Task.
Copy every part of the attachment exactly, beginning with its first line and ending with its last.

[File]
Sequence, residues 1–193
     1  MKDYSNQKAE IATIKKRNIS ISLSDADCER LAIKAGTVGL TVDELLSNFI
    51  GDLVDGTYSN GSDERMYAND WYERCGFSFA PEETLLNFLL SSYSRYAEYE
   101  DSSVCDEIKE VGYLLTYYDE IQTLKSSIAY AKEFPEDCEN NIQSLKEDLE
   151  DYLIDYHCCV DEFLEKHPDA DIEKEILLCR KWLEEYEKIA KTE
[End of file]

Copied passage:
Sequence, residues 1–193
     1  MKDYSNQKAE IATIKKRNIS ISLSDADCER LAIKAGTVGL TVDELLSNFI
    51  GDLVDGTYSN GSDERMYAND WYERCGFSFA PEETLLNFLL SSYSRYAEYE
   101  DSSVCDEIKE VGYLLTYYDE IQTLKSSIAY AKEFPEDCEN NIQSLKEDLE
   151  DYLIDYHCCV DEFLEKHPDA DIEKEILLCR KWLEEYEKIA KTE